Resilience is the ability to mentally or emotionally cope with a difficult situation and to recover quickly from it. For leaders, resilience is key since difficult situations arise on a regular basis, both in our personal or professional lives. And, if I learned something from Homeward Bound, it is to be resilient.

This last year has been one of the most difficult times I had to face in my personal and family life. I’ve touched rock bottom in many aspects, but the main goal that kept me going and getting out of bed every morning, was the feeling and strong belief that I was doing something for the greater good.

 

 

Resilience requires a lot of personal strength, but the support of our community makes us even stronger. The Homeward Bound community played a huge role in this moment of my life; knowing that my sisters were there for me, to hold my hand in difficult times, made me stronger than ever and brought up leadership skills I didn’t know I had.

Several factors develop and sustain a person’s resilience, such as making plans and following through with them, having confidence in one’s strengths and abilities, communicating effectively, solving problems, and focusing on positive emotions. Positive emotions serve an important function in one’s ability to recover from difficult situations, and having a network that supports you through that process, is invaluable.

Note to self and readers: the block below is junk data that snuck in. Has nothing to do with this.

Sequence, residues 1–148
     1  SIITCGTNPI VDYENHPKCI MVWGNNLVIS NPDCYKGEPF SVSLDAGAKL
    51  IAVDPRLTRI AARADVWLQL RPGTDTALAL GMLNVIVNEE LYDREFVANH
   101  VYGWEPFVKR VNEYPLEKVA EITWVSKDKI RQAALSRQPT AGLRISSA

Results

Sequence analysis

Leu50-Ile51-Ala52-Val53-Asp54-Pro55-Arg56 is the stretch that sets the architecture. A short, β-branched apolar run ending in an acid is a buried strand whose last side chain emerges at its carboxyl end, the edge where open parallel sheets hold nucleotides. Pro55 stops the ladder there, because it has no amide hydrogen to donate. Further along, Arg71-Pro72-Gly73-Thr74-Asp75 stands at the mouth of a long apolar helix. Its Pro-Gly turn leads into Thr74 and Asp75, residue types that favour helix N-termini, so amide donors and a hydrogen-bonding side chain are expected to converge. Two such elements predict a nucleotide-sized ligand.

These difficult times taught me not only how to be more resilient, but also made me a better and braver leader. I was able to take my leadership to the next level by putting myself in the spotlight and owning my place as a science communicator.

Now, I’m taking my place as part of a group of 100 incredible women from all over the world, who will undergo an intensive, capacity-building program that culminates in a life-changing voyage to Antarctica. It’s time for all of us to take our places and let our voices be heard.

 

By Evguenia Alechine, PhD

Homeward Bound Cohort 4

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